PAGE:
LS Refresher 77: Each vs. Every

Cambridge Dictionary gave the following rules that will help us learn how to use “each” and “every”. We use each to refer to individual things in a group or a list of two or more things. It is often similar in meaning to every, but we use every to refer to a group or list of three or more things. 1. We […]

LS Refresher 76: Been vs. Gone

English Language Centres gave the following rules that will help us learn how to use “been to” and “gone to”  With the present perfect tense we can use both been and gone. Been- the past participle of be.  Use been to describe completed visits. If you have visited a place on holiday and then returned you have been there. Ex. She’s been to India on holiday three times. When […]

LS Refresher 75: Compare to vs. Compare with

Ginger Software and GrammarBook gave the following rules that will help us learn how to use “compare to” and “compare with”  A. Compare To- When we compare something to something else, we are placing two things—sometimes very different things—in the same category and commenting on connections we perceive. We are expressing an opinion or making an observation. Others might […]

LS Refresher 74: Bring vs. Take

Oxford Dictionaries and English Language Centres gave the following rules that will help us learn how to use “bring” and “take”  A. Bring implies movement towards someone or something. Bring is used in relation to a destination. Example: Bring your instrument with you when you come over. B. Take implies movement away from someone or something or something. We take them from the […]

LS Refresher 72: When vs. Whenever

Grammarbook.com gave the following rules that will help us learn how to use “when” and “whenever”. Rule 1 – If an event is unique or its date or time is known, use when. Example:The game will begin Friday evening when the clock strikes seven. Rule 2 – Whenever is best used for repeated events or events whose date or time is […]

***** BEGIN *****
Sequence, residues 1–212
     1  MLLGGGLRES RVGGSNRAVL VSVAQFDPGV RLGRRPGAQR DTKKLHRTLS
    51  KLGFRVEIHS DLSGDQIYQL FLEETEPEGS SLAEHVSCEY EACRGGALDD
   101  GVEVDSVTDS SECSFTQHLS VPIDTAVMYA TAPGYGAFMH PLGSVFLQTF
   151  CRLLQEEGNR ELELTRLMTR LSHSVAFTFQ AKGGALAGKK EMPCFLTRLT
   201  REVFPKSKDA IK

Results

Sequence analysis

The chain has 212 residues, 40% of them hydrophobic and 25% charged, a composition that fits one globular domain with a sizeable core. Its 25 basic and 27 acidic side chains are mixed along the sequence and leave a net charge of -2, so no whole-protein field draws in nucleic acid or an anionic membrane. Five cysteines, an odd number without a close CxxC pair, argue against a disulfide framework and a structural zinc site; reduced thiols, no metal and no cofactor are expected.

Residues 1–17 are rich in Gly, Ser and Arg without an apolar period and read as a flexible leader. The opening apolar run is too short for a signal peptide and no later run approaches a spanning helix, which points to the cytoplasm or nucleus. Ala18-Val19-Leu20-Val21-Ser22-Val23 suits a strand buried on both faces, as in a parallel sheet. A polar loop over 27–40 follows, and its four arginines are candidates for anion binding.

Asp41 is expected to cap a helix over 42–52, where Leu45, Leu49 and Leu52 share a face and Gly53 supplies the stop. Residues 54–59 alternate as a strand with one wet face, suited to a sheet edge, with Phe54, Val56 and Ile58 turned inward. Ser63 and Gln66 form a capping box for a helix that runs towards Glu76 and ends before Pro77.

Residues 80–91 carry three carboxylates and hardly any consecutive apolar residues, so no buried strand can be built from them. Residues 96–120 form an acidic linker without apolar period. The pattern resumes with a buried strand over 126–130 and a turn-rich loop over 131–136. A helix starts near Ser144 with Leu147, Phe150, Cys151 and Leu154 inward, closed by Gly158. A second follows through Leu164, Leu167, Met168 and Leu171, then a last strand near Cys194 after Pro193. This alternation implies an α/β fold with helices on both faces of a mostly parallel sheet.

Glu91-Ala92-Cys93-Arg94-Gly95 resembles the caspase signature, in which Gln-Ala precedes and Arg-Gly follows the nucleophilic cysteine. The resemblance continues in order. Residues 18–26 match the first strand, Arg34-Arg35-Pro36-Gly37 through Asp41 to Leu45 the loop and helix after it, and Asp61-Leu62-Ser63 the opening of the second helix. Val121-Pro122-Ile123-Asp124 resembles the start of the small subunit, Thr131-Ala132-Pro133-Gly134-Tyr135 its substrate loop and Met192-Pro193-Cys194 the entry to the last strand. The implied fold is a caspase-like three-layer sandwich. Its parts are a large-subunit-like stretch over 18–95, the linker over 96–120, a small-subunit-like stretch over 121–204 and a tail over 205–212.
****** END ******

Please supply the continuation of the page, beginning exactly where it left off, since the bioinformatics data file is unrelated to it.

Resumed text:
LS Refresher 71: Different From vs. Different Than

Grammarbook.com gave the following rules that will help us learn how to use “different from” and “different than”  (a) Different from is a separating phrase followed by a noun or pronoun. – Alone, the adjective different is not comparative; it differentiates one thing (noun or pronoun) from another. Example:My guitar is different from your ukulele. (b) Different than is a comparative phrase usually followed by a clause. […]

LS Refresher 70: The Number vs. A Number

Grammarbook.com gave the following rules that will help us learn how to use “The Number” and “A Number” The expression the number is followed by a singular verb while the expression a number is followed by a plural verb. “A number” is always plural. “The number” is always singular. Examples: The number of people we need to hire is thirteen. A number of people have written in about this […]

LS Refresher 69: Portion Indicators

GrammarBook gave the following rules that will help us learn the proper subject-verb agreement for portion indicators.  With words that indicate portions—e.g., a lot, a majority, some, all—(A subject will come before a phrase beginning with of), and we are guided by the noun after of. If the noun after of is singular, use a singular verb. If it is plural, […]

LS Refresher 68: Talk to vs. Talk with

Grammarly Blog gave the following rules that will help us learn how to use ‘talk to’ vs ‘talk with’. Talk to and talk with both mean to converse with someone. In almost all cases, talk to and talk with can be used interchangeably. a. Talk to Some feel that talk to should be used only for one-sided conversations—when a television host addresses the viewers, perhaps, or […]